19.4 Using JSP with BudgetPro
We could have taken the BudgetPro example from the previous chapter and simply translated it all into JSP files. The reason we didn't is that it's not how you are likely to find JSP used "in the wild." Since JSP files become servlets, it is not uncommon to find JSP and servlets mixed together&8212;not arbitrarily, but in a sensible way. Remember the Model/View/Controller (MVC) pattern from your readings on object-oriented programming and design patterns?  Well, JSP makes for a reasonable View, and a plain servlet can act as the Controller. The Model is typically the database behind all this. That's what we've done with the BudgetPro example.
We've taken the two main chunks of output code&8212;that for the main account display and the form used for creating subaccounts&8212;and turned those into JSP files. The main servlet class (BudgetProServlet.java) is thus "gutted" of its output, and the new version (BudgetProController.java) acts as the controller. Requests come to it via HTTP requests, but for output, it redirects the browser making that request over to the appropriate JSP.
This introduces a new bit of servlet syntax&8212;redirecting a request to another URL. The action is taken by means of a method call on the HTTP response object:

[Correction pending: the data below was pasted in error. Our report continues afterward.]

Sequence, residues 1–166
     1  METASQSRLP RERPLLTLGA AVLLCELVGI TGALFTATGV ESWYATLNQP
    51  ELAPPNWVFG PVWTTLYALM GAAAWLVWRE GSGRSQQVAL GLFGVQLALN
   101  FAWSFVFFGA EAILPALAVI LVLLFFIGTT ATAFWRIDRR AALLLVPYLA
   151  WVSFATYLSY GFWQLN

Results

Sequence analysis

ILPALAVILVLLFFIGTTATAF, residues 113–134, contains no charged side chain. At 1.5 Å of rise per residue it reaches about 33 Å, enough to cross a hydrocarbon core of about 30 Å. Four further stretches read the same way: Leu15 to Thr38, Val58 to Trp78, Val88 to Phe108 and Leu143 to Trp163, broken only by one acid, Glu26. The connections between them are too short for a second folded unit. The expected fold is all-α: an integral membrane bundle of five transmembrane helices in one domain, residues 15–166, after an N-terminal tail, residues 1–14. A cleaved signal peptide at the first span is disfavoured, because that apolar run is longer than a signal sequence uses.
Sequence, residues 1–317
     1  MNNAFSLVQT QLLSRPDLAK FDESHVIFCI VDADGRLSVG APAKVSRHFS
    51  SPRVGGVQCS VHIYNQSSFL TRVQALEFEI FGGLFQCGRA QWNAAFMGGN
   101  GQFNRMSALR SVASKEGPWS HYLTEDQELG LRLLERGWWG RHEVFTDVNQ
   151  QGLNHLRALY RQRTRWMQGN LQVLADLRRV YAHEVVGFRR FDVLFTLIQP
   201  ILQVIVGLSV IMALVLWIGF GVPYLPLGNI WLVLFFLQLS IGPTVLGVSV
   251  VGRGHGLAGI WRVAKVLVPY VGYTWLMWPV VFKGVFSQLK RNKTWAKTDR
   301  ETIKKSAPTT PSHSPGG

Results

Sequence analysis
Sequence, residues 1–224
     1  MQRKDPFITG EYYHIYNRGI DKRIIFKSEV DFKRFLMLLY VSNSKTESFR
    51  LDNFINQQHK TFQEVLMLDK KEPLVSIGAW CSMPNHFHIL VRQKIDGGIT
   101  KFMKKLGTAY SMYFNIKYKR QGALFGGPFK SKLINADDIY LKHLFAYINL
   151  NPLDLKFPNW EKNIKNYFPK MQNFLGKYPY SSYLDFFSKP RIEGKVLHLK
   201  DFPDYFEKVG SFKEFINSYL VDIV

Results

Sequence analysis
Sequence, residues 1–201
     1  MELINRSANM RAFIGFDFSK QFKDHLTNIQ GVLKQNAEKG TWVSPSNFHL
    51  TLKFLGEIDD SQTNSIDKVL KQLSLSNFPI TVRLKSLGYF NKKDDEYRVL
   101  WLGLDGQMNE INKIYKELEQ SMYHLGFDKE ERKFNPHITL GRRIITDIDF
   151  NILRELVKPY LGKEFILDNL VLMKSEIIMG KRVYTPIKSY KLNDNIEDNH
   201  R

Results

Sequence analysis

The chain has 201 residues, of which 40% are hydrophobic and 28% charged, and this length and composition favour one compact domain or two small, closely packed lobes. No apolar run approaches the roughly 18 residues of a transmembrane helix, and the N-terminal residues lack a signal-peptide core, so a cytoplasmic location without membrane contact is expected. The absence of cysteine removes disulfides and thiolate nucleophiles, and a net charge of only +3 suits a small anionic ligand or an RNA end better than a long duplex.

Whereas in the previous, servlet version of BudgetPro, we would create an object that was the next page of output:
nextPage = new AccountView(current);
In this version, we instead redirect the response to a JSP that produces the output for that page.
So how does the JSP know for which account it should display information? That is shared between the JSP and the controller servlet via the session information. As with the previous, servlet-base BudgetPro, the session is used to store the current account. It can be retrieved from the session information, as seen in line 11 of BPAcct.jsp:
11: <% Account acct = (Account) session.getAttribute("current");
That variable (acct) is then used throughout the JSP to get the appropriate data for display, as in:
21: Account: <%= acct.getName() %>
We could also have used a session JavaBean. Such a mechanism requires more setup on both sides, the controller and the JSP, but has the advantage of removing more literal Java code from the JSP. ("We leave this as an exercise for the reader!")